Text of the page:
Tuesday, September 10, 2013

Ruling out DVT: doppler or D-dimer?

- Jennifer Middleton, MD, MPH

Yesterday I saw an older patient with a swollen leg. Although I was reasonably confident that the swelling and pain was due to an early cellulitis, I still felt compelled to rule out a deep venous thrombosis (DVT). I ordered a stat ultrasound doppler of the leg, which was negative for DVT. I was left wondering if I shouldn't have wasted the patient's time and his insurance dollars on this test; I wasn't terribly worried about a DVT, but I also knew that I couldn't afford to miss one.

One of the POEMs in AFP last week reviewed a recent article from the Annals of Internal Medicine regarding testing for DVT.  The researchers evaluated the use of Wells' criteria to determine whether ultrasound (doppler) or a D-dimer was used first to evaluate for possible DVT.  The researchers divided the patients into two groups; one group consisted of outpatients with a low or moderate pre-test probability according to their Wells' score, and one group consisted of outpatients with a high pre-test score along with inpatients.  The patients in the first group with a positive D-dimer went on to ultrasound.  They found that stratifying patients by pre-test probability decreased the use of both D-dimer and ultrasound but did not negatively affect patient outcomes.

I know I should use clinical decision rules like the Wells criteria more often to help me eliminate unnecessary testing; there are a few rules that I do use regularly, but for less frequent diagnoses like this one, I often forget to look for an applicable rule.  There are many inexpensive smartphone apps that can make this process easier for clinicians, too.  I suspect that my patient yesterday would have preferred a quick blood test in the office instead of having to trek over to the hospital's vascular lab.  It seems, though, when I'm in the middle of a busy office session, that I often only think about using these tools after the day is done.  This POEM was an excellent reminder to me to think about incorporating these tools more into my everyday decision-making process.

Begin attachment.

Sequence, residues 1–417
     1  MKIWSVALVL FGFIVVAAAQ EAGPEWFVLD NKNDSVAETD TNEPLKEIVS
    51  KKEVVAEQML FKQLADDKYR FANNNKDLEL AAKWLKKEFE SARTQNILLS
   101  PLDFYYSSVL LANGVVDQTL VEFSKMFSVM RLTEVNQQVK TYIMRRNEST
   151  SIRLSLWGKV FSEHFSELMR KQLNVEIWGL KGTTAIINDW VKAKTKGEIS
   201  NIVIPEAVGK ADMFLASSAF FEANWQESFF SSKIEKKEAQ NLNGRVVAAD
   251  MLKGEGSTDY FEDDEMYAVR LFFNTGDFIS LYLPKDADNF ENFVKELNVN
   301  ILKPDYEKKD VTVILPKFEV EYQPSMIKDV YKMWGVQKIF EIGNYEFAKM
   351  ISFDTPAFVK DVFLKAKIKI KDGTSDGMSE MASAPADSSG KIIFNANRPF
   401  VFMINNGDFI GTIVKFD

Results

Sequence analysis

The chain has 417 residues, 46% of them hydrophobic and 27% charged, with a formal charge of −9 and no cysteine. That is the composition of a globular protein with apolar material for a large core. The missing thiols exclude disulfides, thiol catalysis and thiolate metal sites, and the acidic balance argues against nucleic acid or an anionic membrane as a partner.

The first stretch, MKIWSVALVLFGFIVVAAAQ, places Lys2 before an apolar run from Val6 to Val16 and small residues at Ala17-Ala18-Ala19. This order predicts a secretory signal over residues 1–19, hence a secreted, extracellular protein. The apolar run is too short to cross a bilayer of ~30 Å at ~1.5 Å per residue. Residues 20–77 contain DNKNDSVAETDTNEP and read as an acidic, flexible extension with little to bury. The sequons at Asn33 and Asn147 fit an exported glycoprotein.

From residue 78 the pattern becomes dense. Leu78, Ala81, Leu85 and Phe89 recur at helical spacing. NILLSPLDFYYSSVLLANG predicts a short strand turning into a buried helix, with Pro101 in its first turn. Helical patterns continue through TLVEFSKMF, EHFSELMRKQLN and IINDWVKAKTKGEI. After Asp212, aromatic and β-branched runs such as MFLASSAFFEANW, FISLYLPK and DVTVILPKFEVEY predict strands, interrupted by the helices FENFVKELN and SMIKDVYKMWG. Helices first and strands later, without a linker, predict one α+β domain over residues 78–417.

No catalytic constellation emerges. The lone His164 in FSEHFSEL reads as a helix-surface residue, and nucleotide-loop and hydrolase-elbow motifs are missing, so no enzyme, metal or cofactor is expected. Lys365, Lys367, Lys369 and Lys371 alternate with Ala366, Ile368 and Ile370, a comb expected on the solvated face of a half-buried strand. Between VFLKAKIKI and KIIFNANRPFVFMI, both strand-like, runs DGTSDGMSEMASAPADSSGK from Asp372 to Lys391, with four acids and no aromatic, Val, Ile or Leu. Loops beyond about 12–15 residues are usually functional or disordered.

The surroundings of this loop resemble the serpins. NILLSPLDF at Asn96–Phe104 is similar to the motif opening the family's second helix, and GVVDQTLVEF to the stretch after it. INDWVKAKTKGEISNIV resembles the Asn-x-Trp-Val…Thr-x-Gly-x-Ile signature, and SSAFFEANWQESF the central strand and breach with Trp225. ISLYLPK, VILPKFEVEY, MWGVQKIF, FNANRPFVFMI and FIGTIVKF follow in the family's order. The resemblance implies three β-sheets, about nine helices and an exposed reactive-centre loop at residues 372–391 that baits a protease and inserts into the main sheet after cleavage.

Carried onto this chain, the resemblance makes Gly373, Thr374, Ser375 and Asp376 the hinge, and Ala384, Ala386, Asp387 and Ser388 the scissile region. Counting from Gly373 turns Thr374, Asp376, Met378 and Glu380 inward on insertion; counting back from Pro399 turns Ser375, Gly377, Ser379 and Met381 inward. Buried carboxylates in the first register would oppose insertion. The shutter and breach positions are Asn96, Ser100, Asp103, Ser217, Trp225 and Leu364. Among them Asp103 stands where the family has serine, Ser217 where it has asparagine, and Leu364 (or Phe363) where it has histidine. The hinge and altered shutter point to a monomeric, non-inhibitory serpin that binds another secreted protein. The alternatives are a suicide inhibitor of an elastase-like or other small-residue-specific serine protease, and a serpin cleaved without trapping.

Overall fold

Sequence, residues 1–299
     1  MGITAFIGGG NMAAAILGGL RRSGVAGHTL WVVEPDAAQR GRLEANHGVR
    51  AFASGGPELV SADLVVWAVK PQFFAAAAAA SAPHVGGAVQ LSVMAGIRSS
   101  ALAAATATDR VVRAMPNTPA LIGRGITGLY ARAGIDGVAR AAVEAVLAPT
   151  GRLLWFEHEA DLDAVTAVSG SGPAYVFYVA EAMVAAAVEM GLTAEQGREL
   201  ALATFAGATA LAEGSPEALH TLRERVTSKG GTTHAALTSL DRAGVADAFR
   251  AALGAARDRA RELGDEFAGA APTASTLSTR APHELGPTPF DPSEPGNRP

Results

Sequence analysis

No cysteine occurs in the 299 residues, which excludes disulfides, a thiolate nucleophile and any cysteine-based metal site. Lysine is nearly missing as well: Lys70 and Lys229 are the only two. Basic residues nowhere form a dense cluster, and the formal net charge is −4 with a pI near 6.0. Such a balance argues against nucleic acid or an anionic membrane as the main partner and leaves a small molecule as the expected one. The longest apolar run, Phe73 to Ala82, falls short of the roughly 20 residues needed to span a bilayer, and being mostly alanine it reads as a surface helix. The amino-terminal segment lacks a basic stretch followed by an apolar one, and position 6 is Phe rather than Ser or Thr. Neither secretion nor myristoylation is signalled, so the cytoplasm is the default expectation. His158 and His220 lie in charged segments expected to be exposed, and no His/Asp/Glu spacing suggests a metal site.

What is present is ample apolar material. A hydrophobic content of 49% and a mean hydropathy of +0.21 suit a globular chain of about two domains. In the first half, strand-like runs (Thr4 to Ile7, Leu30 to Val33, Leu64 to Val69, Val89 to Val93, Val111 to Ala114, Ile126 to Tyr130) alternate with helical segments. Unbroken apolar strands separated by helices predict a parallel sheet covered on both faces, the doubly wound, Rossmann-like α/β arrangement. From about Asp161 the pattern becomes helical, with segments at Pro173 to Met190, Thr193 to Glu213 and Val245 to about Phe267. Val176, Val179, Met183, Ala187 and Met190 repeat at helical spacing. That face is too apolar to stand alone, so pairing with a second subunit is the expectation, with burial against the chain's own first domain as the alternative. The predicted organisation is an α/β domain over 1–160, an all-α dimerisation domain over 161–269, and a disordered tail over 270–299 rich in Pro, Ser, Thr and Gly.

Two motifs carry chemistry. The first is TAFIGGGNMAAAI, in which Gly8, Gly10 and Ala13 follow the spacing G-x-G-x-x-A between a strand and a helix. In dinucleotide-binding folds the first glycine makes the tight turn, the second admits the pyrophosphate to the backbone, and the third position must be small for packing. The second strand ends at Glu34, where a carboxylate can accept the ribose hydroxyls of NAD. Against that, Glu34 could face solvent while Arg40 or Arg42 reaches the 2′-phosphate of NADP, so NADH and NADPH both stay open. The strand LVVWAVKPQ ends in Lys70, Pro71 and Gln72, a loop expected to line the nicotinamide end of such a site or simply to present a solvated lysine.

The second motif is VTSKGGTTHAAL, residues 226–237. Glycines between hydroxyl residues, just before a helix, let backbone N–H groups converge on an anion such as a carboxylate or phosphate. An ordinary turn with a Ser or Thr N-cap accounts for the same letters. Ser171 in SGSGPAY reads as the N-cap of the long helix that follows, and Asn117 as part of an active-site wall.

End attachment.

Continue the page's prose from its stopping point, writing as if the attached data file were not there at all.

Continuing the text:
There is a useful AFP by Topic about DVT and Pulmonary Embolism if you'd like more information about this topic.  And, here's the original study that validated Wells' criteria for DVT.

How are you currently working up possible DVTs?  Is it realistic to integrate the use of clinical calculators into your day-to-day practice?


  1. To play "Devil's Advocate" - just to be aware that as we cast a bigger and bigger "net" trying to catch any and everything that might have the slightest chance of being a DVT - the prevalence of disease in the population we are testing continues to decrease. As we arrive in an extremely low prevalence of DVT population - positive D-Dimers become more and more likely to be false positives. This is not benign - as it leads to more and more additional tests that may not be necessary (not to mention expense). There is radiation with Chest CT scans ...

    Bottom Line: There is no perfect test. There is no perfection. If you really think the patient has cellulitis - they probably do. As long as you maintain healthy respect for the clinical reality that sometimes you won't feel comfortable on clinical grounds what the diagnosis is - and do testing in those patients - you'll probably be on the mark at much less expense and with fewer unneeded tests.

  2. Thanks very much for sharing your thoughts! Despite the growing number of clinical decision rules & tools available, I agree with you that our clinical judgment still is often our only source to determine pre-test probability.